Making the Perkins House come to life

Brittany W.
Brittany W. Verge
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Hats and coats hanging in the hall, baking started on the kitchen table, letters littering the desk, a child’s toy sits on a bed.  These are the trappings of a home lived in and now they are a part of the Perkins House.

It’s all a part of an interpretive renewal plan says Linda Rafuse, manager of the Queens County Museum and Perkins House.

“What it really means is that for a few of the sites that are static like the heritage homes that are just there.  If we can plan and research interpretive renewal and put some life into those sites that are static then we’re doing the best thing we can for the site,” says Rafuse.

The Perkins House has remained mostly unchanged in its set up since becoming a museum in the 1950s.  The holographic “ghosts” installed a few years ago were one of the first changes to how the house was interpreted. 

The goal now, of Rafuse and museum staff is to give the house a more lived in feel and give a truer representation of life in the 1700s.

To make the house look lived in however, the museum needed artifacts and replicas.  As luck would have it, Gail Hamlin, local seamstress and re-enactor, had just acquired many of the costumes that were made for the CBC miniseries “The Book of Negroes.”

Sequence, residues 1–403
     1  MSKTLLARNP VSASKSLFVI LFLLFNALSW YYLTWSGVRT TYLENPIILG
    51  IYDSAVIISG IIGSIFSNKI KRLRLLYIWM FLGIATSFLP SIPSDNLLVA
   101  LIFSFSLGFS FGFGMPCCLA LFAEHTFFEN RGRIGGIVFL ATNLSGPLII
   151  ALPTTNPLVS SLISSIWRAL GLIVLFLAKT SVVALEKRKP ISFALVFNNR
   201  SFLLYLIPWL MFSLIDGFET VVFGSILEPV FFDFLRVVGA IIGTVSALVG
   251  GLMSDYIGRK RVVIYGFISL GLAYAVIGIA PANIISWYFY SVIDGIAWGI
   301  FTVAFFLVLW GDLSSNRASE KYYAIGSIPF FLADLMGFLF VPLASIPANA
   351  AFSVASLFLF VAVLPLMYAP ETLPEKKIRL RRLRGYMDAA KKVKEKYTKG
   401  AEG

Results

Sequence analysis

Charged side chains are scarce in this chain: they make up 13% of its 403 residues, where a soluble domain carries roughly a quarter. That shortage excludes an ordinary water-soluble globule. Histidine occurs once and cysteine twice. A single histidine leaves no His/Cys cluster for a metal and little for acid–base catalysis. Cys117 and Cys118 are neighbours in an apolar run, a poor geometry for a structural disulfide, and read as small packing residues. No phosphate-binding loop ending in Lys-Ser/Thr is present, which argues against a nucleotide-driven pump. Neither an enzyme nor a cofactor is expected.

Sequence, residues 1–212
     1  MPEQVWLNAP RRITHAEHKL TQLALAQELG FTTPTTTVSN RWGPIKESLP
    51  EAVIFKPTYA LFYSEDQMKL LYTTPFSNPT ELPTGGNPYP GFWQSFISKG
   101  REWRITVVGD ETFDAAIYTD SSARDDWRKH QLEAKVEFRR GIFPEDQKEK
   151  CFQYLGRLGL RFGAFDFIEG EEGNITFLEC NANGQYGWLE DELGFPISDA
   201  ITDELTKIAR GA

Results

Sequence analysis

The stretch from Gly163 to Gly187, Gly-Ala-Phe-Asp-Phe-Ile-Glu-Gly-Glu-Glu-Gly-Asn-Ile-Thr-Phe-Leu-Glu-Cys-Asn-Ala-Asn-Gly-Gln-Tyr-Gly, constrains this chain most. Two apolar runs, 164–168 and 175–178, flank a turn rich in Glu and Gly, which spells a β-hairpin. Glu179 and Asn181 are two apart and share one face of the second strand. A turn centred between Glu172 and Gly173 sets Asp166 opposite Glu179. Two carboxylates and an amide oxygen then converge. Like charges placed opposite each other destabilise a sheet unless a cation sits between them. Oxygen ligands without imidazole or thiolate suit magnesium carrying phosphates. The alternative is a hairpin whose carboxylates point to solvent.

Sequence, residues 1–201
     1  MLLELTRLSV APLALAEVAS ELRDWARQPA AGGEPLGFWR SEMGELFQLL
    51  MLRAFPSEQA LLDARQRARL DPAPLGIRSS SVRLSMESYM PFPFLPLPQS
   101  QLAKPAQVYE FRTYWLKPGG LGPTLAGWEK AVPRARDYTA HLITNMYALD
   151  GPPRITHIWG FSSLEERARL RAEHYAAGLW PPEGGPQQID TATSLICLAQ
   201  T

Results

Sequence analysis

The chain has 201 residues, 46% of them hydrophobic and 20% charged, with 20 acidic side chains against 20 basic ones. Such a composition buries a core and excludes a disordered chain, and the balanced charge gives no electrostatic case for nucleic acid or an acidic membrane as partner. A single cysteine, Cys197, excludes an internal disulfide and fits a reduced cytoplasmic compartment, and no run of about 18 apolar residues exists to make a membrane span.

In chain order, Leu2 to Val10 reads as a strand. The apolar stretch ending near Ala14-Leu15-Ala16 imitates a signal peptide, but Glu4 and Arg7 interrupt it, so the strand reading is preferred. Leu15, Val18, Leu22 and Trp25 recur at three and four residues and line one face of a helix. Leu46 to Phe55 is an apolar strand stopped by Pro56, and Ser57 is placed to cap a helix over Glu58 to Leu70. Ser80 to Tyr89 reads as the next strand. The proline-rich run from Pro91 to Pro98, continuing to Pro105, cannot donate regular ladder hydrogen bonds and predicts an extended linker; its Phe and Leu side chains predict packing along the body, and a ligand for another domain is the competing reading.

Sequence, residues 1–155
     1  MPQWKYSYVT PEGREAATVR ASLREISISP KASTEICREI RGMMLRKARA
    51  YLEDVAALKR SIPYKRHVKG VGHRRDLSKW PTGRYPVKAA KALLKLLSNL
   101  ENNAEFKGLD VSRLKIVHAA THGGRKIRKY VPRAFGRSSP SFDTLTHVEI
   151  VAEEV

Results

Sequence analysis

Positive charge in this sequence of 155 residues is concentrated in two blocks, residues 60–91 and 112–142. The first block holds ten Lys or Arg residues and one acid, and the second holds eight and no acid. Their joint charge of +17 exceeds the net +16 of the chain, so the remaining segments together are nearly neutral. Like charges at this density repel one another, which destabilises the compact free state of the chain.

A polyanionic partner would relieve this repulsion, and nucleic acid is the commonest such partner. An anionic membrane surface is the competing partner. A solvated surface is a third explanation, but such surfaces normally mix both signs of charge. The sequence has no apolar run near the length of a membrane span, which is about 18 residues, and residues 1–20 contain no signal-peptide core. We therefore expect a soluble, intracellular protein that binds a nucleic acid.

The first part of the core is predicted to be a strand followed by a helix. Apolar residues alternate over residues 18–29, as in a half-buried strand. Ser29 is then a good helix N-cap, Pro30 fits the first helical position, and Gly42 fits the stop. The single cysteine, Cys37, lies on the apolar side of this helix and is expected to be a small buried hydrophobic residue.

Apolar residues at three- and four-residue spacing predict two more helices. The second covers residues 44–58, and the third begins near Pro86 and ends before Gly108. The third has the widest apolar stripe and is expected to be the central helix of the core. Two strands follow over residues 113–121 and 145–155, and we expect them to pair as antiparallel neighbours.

“That couldn’t have happened at a more perfect time,” says Rafuse.

Although many of the costumes were machine sewn, they would do the trick.  Hamlin gave enough of the costumes to the Perkins House to fill closets, hang on racks, and place on beds. 

Atlantic Superstore gave the museum realistic looking fake plums.  Simeon Perkins had many fruit trees and staff at the museum wanted to represent that in the house.  They also have preserved bread, baking supplies, and a desk full of letters and period books. 

“When you walk in, there’s a family that’s living there, a husband, a wife, children, servants and so each room is having things added to it that shows day to day family life,” says Rafuse.

Hamlin also gave the museum more clothing to help the interpreters enhance their costumes.  All of the interpreters wear 1780s costuming.  

Rafuse says the plan is ongoing and staff have many more ideas they’d like to bring up to the Nova Scotia Museum.  One idea is to have camp fire cooking like what local re-enactors do at encampments and learning to make a few basic 1700s recipes.

“That’s something that may come with time because it will take a lot more research,” says Rafuse.

Another idea is to have a garden growing some of the vegetables, herbs, and fruit that Perkins grew himself.  His diary contains very detailed descriptions on what he grew and how much of it was grown.

For now the new interpreters are learning to spin by being sent down to the Barrington Woolen Mill.  They are also researching authentic needlework and have acquired a table loom.  If they can learn period patterns for it, they’ll use that as well.

The museum will continue to use the ghosts as a tool for interpretation but having a house that looks lived in offers the interpreters a new way of looking at the history.

Organizations: Perkins House, Queens County Museum, CBC Nova Scotia Museum

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